Whose Idea Was the Pony Express

It is the purpose of this article to discuss one of these questions, with the hope of shedding a little light upon it and of giving credit where credit is due.

That question is with whom the idea originated. The first attempt to answer it appears to have been made by William Lightfoot Visscher in 1908, when he wrote The Pony Express, the first book on that institution. In the fall of 1854, he said, Senator William M. Gwin, United States Senator from California, was riding horseback from San Francisco to the Missouri River, on his way to take up his legislative duties in Washington. On that journey, for a long distance and many days, he had for a traveling companion Benjamin F. Ficklin, general superintendent of the freighting firm of Russell, Majors & Waddell. Between them they evolved the idea of a Pony Express. . . . That story cannot be true for several reasons, the first and most conclusive of which is that Russell, Majors & Waddell did not exist in the fall of 1854. . . .

Another story of recent vintage, told by Herbert Hamlin, editor of the Pony Express, credits Colonel Frederick A. Bee, president and builder of the Placerville & St. Joseph Overland Telegraph Line, with being the “Father of the Pony Express.” The sole basis for the author’s sweeping assumptions seems to be the mere fact that Colonel Bee and William H. Russell were probably in Washington at the same time during the winter of 1859-60. . . .

Still another story is related by Charles R. Morehead, nephew of Russell’s wife, who was appointed assistant to James Rupe, general agent for Russell, Majors & Waddell, to supervise the wagon trains which were transporting supplies for Johnston’s Army to Utah in 1857. . . “With Mr. Floyd,” said Morehead, “the question of the feasibility of a pony express across the continent was presented by Mr. Russell, and fully discussed. Captain Rupe’s views were called for, and he expressed the opinion that it was entirely practicable at all seasons on this route, all the way to California.” . . . Morehead’s Narrative, written at the request of William E. Connelley, secretary of the Kansas Historical Society, is included in the Appendix to his Doniphan’s Expedition, which was published in 1913. . . .

In 1879, Joseph S. Roberson, who was a member of the Pony Express staff at St. Joseph, wrote a story of its founding and operation. According to his report, “the fertile brains of Wm. H. Russell and B. F. Ficklin conceived the idea of a Pony Express, to be run under the patronage of the Central Overland California & Pike’s Peak Express Company.” . . .

John Scudder, an employee of Russell, Majors & Waddell, stationed at Salt Lake City in the fall and winter of 1859, told how he and others discussed the possibility of a fast letter-mail from St. Joseph to San Francisco in twelve days. Among the group was A. B. Miller, partner of Russell and Waddell in the firm of Miller, Russell & Company, which operated stores in Salt Lake City and Camp Scott at Bridger’s Fort. . . . Quite a number of communications passed between Mr. Russell and his agent (A. B. Miller) at Salt Lake City, and the upshot of it was that the former [Scudder probably meant Miller] agreed to test the matter by stringing out a lot of horses and riders between the Missouri River and the Pacific Coast. . . .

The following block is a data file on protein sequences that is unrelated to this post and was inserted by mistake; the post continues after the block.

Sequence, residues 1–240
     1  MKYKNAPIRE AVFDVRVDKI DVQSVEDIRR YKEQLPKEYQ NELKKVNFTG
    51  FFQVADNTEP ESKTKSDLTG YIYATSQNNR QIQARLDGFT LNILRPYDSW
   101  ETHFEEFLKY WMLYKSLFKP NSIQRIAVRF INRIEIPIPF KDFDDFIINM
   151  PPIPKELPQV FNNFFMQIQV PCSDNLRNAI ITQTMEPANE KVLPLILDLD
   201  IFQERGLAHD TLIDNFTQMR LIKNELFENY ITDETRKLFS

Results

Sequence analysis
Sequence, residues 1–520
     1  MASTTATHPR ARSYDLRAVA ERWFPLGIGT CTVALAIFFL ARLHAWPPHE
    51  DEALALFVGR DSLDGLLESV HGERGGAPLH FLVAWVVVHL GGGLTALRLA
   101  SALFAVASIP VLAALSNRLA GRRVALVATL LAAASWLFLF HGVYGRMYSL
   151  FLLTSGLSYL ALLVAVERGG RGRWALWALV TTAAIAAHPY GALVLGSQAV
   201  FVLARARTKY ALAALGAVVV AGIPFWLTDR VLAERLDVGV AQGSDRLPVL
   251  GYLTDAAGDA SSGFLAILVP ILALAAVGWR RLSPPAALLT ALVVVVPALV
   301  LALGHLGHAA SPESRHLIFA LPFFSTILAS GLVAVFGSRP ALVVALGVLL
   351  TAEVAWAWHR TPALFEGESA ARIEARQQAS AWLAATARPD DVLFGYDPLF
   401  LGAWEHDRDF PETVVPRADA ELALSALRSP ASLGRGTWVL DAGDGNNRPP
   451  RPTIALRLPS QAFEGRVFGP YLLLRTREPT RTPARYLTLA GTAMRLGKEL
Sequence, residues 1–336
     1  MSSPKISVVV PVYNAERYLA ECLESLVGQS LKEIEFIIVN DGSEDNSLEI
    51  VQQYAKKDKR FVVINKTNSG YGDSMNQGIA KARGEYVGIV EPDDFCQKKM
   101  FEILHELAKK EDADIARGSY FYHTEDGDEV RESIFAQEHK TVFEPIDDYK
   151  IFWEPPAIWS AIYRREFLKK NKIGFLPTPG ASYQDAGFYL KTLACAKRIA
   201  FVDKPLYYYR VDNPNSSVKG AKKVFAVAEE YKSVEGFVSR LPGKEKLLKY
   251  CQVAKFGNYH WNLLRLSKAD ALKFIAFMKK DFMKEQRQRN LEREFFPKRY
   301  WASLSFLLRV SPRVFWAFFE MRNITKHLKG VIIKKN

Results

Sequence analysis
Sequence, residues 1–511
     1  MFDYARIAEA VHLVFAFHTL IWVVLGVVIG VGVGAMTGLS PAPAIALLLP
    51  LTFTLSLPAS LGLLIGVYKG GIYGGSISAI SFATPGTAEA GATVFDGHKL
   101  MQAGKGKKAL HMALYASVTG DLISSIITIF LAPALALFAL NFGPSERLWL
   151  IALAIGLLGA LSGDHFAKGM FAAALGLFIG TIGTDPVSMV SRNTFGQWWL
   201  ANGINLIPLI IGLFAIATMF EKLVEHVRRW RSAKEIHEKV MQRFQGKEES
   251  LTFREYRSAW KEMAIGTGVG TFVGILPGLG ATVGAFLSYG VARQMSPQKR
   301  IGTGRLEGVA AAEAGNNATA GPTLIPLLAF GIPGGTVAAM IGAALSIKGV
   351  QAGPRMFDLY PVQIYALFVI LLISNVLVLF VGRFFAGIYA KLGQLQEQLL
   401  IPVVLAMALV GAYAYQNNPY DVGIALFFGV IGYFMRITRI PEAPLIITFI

It appears the scheme originated with

The Alta California of San Francisco, on March 23, 1860, in a dispatch from its Washington correspondent, tells another story. . . “Mr. Butterfield himself in this city about three months ago. At that time Charles M. Stebbins and his Great Overland Mail chief were in consultation on the subject of a regular Horse Express to California, running from the terminus of the telegraph line on this end to the commencement of the Street line on the other, in ten days, carrying important dispatches and paages at the rate of about $50 per pound, and news dispatches at a high figure. . . .

Alexander Majors said in his book (1893) that Gwin asked him and his partners “to test the practicability of crossing the Sierra Nevadas, as well as the Rocky Mountains with a daily line of comminications.” Whether he meant a daily coach service, which he probably did, or a pony express, is not known. If Gwin suggested or sought a government subsidy to carry out this experiment there is no record of it. . . .

Regardless of who conceived the idea for a Pony Express, William H. Russell was the man with sufficient vision, ability, courage, and capital to organize it. That fact cannot be questioned. Others had dreamed about it, but he alone made it a reality. The “Father of the Pony Express,” therefore, was no other than William H. Russell himself.